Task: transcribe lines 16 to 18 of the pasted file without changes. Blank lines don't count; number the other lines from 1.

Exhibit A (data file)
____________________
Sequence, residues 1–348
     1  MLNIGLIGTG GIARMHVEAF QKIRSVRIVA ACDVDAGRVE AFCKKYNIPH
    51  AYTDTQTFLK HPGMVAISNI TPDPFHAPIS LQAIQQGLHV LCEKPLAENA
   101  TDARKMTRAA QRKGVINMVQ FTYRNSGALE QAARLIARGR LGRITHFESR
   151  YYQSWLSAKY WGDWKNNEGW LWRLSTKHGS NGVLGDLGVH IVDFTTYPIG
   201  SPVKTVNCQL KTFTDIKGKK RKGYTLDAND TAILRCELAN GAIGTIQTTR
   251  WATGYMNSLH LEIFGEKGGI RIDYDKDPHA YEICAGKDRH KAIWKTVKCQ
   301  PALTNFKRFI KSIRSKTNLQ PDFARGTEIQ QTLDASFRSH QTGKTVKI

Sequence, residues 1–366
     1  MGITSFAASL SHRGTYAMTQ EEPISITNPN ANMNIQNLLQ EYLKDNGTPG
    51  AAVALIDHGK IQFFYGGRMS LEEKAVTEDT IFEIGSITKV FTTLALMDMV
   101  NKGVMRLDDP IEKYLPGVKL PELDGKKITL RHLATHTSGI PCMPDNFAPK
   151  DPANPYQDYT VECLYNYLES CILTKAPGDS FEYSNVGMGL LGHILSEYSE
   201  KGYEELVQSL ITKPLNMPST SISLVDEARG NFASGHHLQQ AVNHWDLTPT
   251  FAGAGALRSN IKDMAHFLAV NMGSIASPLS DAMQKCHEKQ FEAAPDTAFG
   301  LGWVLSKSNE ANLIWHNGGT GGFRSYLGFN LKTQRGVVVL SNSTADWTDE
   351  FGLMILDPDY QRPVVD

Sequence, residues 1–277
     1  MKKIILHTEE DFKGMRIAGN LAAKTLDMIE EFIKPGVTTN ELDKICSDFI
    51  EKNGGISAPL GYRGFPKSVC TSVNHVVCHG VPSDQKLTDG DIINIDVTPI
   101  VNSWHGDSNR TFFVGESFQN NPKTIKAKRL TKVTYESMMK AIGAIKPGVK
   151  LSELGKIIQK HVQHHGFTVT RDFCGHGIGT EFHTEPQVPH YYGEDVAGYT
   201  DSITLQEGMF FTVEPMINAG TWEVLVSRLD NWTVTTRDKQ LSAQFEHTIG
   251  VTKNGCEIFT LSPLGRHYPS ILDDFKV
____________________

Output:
   301  LGWVLSKSNE ANLIWHNGGT GGFRSYLGFN LKTQRGVVVL SNSTADWTDE
   351  FGLMILDPDY QRPVVD

Sequence, residues 1–277